The Städel Museum devoted a major special exhibition to one of the most momentous chapters in the history of European art: Venetian painting of the Renaissance. Entitled “Titian and the Renaissance in Venice”, the show united more than a hundred masterpieces. In the early sixteenth century, artists of the “City of Water” developed an independent strain of the Renaissance relying on purely painterly means and the impact of light and colour. One of their most important exponents was Titian (ca. 1488/90–1576), who would hold the key position in the Venetian art scene all his life. The Frankfurt show assembled more than twenty examples by Titian alone – and thus the most extensive selection of his works ever before on display in Germany. It also presented paintings and drawings by Giovanni Bellini (ca. 1435–1516), Jacopo Palma il Vecchio (1479/80–1528), Sebastiano del Piombo (ca. 1485–1547), Lorenzo Lotto (ca. 1480–1556/57), Jacopo Tintoretto (ca. 1518/19–1594), Jacopo Bassano (ca. 1510–1592), Paolo Veronese (1528–1588) and others. These works offered comprehensive insights into the artistic and thematic breadth of the Renaissance in Venice and elucidate why artists of later centuries looked back to the art of this time and place again and again for orientation.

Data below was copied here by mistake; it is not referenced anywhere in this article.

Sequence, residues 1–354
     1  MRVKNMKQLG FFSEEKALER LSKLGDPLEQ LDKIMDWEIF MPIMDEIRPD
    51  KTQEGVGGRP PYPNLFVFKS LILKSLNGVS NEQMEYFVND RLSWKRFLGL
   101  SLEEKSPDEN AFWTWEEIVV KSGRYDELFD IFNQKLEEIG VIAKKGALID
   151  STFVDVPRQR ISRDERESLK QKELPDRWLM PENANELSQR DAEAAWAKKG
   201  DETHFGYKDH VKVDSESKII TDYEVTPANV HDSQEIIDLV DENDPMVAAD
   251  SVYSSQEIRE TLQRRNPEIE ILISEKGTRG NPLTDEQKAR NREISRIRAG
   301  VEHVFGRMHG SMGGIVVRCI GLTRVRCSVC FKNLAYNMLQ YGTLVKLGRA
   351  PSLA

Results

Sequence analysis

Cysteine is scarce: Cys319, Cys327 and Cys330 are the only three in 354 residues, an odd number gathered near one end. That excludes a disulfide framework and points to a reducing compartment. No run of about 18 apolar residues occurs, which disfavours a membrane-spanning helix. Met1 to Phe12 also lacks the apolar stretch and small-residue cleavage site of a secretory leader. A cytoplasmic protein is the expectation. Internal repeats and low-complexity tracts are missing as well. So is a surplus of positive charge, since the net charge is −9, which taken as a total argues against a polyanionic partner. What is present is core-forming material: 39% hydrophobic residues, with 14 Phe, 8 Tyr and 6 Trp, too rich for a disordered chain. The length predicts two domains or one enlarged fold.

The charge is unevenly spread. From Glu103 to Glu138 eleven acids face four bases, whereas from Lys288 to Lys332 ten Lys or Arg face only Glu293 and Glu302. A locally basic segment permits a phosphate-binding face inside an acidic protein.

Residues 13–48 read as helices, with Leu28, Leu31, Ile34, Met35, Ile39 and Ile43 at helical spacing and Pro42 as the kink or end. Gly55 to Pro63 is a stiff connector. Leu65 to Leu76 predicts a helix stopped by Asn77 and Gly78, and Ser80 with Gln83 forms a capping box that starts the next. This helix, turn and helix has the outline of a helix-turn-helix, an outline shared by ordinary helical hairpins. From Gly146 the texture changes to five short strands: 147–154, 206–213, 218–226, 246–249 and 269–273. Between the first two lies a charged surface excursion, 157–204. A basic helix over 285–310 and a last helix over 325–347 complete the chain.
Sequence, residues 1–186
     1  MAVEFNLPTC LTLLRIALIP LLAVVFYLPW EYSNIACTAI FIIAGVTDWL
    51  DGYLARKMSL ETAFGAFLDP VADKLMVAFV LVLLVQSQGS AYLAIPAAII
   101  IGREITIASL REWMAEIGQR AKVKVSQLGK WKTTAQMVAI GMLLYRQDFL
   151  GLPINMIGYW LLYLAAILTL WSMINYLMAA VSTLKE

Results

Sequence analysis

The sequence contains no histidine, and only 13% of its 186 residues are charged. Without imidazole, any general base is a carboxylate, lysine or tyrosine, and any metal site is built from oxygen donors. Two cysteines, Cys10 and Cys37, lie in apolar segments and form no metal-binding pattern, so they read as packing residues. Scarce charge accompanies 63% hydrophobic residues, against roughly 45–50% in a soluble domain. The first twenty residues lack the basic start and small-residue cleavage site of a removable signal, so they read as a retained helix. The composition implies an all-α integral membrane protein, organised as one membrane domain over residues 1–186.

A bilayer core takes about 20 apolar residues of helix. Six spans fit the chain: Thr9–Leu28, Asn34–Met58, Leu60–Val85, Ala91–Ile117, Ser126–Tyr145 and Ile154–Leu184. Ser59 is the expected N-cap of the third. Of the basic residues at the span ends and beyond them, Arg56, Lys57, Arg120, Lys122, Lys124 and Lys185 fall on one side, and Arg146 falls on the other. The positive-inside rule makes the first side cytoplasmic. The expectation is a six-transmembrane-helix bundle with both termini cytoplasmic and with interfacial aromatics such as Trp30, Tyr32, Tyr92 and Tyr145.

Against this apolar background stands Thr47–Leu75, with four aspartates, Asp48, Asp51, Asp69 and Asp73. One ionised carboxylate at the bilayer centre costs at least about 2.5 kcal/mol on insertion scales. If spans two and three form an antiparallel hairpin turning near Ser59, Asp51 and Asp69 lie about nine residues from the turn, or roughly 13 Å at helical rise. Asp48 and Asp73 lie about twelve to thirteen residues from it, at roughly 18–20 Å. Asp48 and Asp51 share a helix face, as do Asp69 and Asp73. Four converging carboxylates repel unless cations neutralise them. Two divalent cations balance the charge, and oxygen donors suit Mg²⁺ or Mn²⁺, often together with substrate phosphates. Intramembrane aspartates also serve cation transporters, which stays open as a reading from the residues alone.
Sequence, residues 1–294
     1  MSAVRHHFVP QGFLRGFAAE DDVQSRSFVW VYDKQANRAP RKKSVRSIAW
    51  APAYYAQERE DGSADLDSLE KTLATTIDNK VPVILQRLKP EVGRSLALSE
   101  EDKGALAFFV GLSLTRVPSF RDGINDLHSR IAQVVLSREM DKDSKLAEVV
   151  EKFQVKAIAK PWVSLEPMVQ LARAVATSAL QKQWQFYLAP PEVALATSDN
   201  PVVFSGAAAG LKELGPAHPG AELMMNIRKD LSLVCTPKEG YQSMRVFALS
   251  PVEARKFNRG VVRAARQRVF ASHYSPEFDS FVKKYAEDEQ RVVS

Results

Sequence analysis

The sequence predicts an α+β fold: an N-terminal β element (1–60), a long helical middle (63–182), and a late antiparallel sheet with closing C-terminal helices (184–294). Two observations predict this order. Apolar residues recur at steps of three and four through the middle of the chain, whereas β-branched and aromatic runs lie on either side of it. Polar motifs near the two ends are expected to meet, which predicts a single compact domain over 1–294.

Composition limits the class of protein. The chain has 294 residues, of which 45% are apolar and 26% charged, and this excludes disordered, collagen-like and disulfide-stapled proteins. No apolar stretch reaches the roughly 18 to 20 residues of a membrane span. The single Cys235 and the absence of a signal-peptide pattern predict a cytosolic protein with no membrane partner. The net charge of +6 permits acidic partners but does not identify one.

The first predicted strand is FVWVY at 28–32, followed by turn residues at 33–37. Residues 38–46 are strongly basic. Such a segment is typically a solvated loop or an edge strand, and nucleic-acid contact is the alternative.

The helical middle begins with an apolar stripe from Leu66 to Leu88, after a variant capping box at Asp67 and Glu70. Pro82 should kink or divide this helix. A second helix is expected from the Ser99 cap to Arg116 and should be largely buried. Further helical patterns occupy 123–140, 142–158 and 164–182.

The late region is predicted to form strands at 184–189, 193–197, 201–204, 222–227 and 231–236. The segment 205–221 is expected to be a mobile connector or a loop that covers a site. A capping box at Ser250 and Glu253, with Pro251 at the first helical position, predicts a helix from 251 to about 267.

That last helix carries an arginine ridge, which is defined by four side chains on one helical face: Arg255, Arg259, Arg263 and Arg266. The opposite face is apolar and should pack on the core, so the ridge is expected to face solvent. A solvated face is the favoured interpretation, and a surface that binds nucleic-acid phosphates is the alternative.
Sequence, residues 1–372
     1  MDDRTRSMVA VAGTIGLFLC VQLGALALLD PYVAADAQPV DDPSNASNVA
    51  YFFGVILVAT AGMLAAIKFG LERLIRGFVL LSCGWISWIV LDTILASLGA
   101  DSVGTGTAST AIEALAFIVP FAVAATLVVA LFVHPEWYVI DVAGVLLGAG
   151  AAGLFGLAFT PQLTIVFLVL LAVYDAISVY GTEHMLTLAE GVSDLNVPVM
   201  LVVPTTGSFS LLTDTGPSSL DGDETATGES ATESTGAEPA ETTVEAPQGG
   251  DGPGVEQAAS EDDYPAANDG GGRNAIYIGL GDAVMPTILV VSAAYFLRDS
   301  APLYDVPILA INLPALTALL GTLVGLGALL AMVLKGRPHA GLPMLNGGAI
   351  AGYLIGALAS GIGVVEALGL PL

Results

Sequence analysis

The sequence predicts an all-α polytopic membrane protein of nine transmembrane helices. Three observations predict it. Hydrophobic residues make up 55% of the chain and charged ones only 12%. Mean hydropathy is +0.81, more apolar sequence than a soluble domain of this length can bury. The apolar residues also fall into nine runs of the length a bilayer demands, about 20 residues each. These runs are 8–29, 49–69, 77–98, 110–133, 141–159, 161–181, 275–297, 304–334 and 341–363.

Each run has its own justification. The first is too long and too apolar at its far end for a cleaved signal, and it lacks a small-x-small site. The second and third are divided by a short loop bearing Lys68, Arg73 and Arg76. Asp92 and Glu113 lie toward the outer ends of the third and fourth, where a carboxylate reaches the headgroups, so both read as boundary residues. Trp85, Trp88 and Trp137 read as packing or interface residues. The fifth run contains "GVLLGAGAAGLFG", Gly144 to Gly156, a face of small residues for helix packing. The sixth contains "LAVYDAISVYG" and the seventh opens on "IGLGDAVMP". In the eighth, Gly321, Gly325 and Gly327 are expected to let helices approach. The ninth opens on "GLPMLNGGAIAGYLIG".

The exhibition introduced selected aspects of Venetian cinquecento painting in eight sections: for example its atmospherically charged landscape depictions, its ideal likenesses of beautiful women (the so-called “belle donne”), or the importance of colour. The thematically oriented chapters together formed a systematic panorama of the extensive material. Apart from the Venetian holdings in the Städel collection—including, Titian’s „Portrait of a Young Man“ (ca. 1510)—the show brought together superb loans from more than sixty national and international museums.
The exhibition was made possible by support from the Dagmar-Westberg-Stiftung and the Kulturfonds Frankfurt RheinMain gGmbH.
Curator: Dr. Bastian Eclercy (Head Italian, French, and Spanish Paintings before 1800, Städel Museum)
Dagmar-Westberg-Stiftung, Kulturfonds Frankfurt RheinMain gGmbH
With additional support from
Süddeutsche Zeitung and Weltkunst